Drama in four acts by Merrill Denison, published in 1923 but not performed until 1974, a year before the author's death, at Hart House Theatre, directed by Richard Plant. Its first professional production was at Shaw Festival, 1996, directed by Neil Munro, with Michael Ball, Corrine Koslo, Elizabeth Inksetter and Richard Farrell among others; set designed by Peter Hartwell, lighting by Robert Thomson.
In French there is a term for this kind of work: misÚrabilisme - art characterized by a taste or fascination for depictions of human misery. Though the work follows the theatrical history lineage of Gorki's The Lower Depths, it is almost perversely misÚrabiliste in the way it presents unpleasant people in unpleasant surroundings who have hope dangled before them only to have it snatched away. Even the deaths of children are interpreted as a release from suffering: "...twelve children. Five dead, thank God."
The central setting, a mud-farm in the backwoods, is a character in the tale in that it provides an impoverished, decaying family with its meager living: threshing the hay that grows in the marshes. In set notes, Denison writes that the lives lived here are done so in "tragic futility". At the head of the family is a monstrous father, John Serang. His browbeaten wife, Lena (whom John calls "a sow"), barely copes with daughters and sons who can't wait to leave it all behind. What makes the work noteworthy (in the same sense that another famous Canadian work of misÚrabilisme - Aurore, l'enfant martyre was noteworthy) is that it dealt with subjects dangerous for the times, such as pregnancy out of wedlock, specifically that of the wayward daughter Sarilin.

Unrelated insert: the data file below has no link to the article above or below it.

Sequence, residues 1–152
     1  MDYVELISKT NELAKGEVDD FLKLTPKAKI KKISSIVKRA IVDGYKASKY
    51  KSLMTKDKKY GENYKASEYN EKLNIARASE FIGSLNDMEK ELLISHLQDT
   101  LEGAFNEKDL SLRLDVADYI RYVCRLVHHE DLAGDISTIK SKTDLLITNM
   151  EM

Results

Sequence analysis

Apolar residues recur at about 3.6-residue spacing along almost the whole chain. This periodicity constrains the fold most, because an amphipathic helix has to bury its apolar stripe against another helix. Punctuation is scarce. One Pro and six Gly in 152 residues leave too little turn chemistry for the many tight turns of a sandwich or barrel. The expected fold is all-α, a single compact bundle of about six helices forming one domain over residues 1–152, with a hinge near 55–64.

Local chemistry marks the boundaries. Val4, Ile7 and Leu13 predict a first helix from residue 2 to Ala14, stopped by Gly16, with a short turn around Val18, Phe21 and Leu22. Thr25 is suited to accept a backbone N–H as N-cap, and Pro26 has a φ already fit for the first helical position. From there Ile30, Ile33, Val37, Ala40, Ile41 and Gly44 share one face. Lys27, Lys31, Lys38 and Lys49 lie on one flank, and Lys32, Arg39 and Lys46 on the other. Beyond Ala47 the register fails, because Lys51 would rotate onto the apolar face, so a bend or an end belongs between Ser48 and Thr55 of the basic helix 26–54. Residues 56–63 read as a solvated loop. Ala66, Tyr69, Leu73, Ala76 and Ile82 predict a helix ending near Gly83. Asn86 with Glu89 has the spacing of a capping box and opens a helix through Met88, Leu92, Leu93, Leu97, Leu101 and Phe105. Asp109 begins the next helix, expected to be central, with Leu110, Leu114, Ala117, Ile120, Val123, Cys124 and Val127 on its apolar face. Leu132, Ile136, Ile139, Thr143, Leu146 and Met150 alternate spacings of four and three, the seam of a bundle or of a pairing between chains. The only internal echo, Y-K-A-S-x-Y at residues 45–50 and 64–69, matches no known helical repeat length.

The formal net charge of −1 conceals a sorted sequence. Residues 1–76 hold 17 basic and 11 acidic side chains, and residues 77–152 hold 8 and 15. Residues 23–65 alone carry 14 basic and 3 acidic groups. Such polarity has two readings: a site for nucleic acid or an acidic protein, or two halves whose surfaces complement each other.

After the initial grim picture is painted, the drama of the pregnancy and the boy (who may not be responsible) being brought up on charges for corrupting the girl begins. For Lena, however, the baby brings hope. The squalor is lifted as she prepares the home for the child. Lena has an epiphany: until now shame has guided this family and that will all change. It doesn't. The child, of course, is lost and the final moment of the play is as breathlessly hopeless as the first act.
Although not outrageously polemical, a socialist subtext runs through the work. Moreover, the work is sometimes surprising for for its insight, language and form. The pervasive philosophy is that of Naturalism: heredity and environment determine the course of a life.
At the time of the Shaw production, John Coulbourn wrote in The Toronto Sun, "The fact that Marsh Hay was published in 1923 and is only now getting its first professional stage production should tell you just about everything you need to know about this good-hearted, but ultimately dreary and mawkish effort."
Commentary by Gaetan Charlebois.
Last updated 2016-03-21